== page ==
The Toxic Substances Control Act (TSCA), passed in 1976. TSCA was developed to fill in the gaps of previously existing laws, all of which were designed to protect human health and the environment from chemicals released by industry and by all of us each day (such as through driving, flushing the toilet, and even taking pharmaceuticals). Under TSCA, the EPA can evaluate the toxic effects of new and existing chemicals on both humans and on the environment. Also, it mandates the tracking of the thousands of chemicals that are produced or imported into the country. Although TSCA mentions testing and assessment of individual chemicals and mixtures, there are no apparent guidelines for assessment of mixtures. Additionally, when referring to mixtures, the language of TSCA seems to refer to commercial or industrial mixtures (an intentionally prepared, and likely well defined mixture).
In 2006 the European Union (EU) enacted REACH, (Registration, Evaluation and Authorization of Chemicals) a new approach to chemical regulation, that became effective in 2007. REACH is essentially a mirror image of TSCA. While TSCA requires the EPA to demonstrate that a chemical is a risk to human or environmental health, REACH requires that the manufacturers test and ensure that chemicals do not pose such risks. Additionally, under REACH many old or existing chemicals will also require testing, unlike TSCA. Since chemicals imported into the EU also fall under REACH, the legislation may impact some chemicals produced in the U.S. as well.
A recent and evolving challenge for EPA is the regulation of nanoscale materials. A nanomaterial is defined as having at least one dimension that is 100 nanometers or smaller (though this definition is evolving as researchers and regulators become more familiar with the universe of nanomaterials currently under development). According to the Project on Emerging Nanotechnology, there are over 1000 nanotechnology-based consumer products in use, as identified by manufacturers. Some of these nanomaterials are versions of larger bulk material regulated already under TSCA—for example, nano-size titanium dioxide used in sunscreens—while others (for example, quantum dots containing mixtures of metals, polymers and other organic materials) represent new combinations. Although new chemical substances are subject to review and reporting under TSCA—existing substances even if manufactured as nanomaterials are not. Some scientists are concerned that nanosized particles may behave differently than their larger "bulk" counterparts (this difference in behavior is, in part, why some chemicals are useful as nanomaterials) and as such should be reviewed as new materials. This is an area of active research for toxicologists and regulators alike.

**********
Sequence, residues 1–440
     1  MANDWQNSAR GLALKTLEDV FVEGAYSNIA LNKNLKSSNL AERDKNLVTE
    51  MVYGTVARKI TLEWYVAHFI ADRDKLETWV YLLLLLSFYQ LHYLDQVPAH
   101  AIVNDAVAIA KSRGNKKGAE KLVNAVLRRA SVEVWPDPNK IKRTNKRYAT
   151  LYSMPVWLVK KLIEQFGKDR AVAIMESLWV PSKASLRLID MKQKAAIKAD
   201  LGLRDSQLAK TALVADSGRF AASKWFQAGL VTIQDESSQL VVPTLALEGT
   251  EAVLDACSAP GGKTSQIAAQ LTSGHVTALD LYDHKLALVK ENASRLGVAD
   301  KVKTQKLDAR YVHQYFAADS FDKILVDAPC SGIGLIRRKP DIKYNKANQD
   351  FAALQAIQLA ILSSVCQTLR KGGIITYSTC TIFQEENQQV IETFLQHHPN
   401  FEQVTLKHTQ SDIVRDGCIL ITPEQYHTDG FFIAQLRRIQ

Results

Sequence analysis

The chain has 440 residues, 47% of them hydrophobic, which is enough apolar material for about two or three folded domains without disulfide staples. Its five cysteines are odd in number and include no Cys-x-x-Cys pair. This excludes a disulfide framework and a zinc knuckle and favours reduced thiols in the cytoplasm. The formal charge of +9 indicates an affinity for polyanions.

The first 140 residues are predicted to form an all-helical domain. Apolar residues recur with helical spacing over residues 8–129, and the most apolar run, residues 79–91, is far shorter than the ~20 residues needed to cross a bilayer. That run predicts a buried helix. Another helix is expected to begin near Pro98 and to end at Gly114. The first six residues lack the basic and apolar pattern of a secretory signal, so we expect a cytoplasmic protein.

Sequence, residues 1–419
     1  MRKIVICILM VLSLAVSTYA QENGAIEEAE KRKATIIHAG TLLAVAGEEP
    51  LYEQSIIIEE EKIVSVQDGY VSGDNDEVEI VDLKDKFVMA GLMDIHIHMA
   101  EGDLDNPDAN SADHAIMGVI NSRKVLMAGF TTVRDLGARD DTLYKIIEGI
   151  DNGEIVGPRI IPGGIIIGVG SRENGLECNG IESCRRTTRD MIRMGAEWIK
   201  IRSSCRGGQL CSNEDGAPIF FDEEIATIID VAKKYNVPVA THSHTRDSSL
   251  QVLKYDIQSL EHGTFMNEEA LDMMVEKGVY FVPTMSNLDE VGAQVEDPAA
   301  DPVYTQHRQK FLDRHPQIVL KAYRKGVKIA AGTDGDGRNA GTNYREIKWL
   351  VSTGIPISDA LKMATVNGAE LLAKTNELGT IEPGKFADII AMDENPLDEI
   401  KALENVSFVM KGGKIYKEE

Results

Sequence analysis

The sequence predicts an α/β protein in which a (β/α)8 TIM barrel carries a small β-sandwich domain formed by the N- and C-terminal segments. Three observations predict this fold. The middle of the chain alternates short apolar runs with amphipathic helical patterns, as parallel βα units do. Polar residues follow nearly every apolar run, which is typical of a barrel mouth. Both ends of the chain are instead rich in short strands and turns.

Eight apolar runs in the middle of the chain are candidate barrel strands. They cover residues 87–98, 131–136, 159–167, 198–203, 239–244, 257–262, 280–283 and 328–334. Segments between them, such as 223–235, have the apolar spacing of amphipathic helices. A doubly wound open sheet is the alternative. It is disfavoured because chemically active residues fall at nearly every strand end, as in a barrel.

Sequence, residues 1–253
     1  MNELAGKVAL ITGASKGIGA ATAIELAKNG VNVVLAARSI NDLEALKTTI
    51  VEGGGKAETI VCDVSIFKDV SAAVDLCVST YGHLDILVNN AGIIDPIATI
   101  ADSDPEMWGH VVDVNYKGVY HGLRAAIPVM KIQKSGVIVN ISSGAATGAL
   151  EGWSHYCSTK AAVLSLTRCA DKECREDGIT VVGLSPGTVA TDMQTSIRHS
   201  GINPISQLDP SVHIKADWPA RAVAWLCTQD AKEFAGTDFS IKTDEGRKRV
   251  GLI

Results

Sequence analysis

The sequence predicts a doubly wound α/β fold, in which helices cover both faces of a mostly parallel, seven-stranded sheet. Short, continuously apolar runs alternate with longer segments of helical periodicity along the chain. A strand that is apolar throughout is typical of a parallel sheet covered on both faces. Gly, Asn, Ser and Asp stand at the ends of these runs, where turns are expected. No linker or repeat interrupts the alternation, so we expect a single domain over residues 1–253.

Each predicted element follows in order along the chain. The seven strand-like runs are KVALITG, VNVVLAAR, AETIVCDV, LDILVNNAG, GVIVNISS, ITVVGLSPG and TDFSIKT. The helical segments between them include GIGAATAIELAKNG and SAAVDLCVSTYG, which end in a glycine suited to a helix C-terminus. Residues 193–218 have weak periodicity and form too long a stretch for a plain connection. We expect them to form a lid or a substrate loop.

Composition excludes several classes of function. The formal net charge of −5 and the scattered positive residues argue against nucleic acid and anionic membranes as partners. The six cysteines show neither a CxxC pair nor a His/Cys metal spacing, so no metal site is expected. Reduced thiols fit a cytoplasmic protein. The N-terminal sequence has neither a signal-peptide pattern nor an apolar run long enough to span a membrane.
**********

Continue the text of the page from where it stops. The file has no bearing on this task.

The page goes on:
Together, these chemical control laws—FFDCA, FIFRA, OSHA and TSCA—make up the bulk of laws that govern the production, use, and disposal of chemicals found in drugs, food, consumer products, and the workplace. It makes some sense that these laws, enacted for the most part in the early-mid 20th century, focused on individual chemicals. A great deal of energy and funding was channeled towards the further use and development of single-chemical testing and the rapid growth of the field of toxicology as a result of these laws. Further, other than OSHA, regulation of chemicals based on consideration of combined effects is a very recent development.
Environmental toxicology: a regulatory beginning?
With the establishment of the U.S. Environmental Protection Agency (EPA) in 1970, several other laws and regulations were enacted or strengthened. The intention of these laws was to control the release of chemicals in the air, water and terrestrial environments, and direct remediation or cleaning up of those chemicals already released. While still regulating release or cleanup on an individual chemical basis, these laws are also designed to evaluate the impact of all toxic chemicals released on health and environment.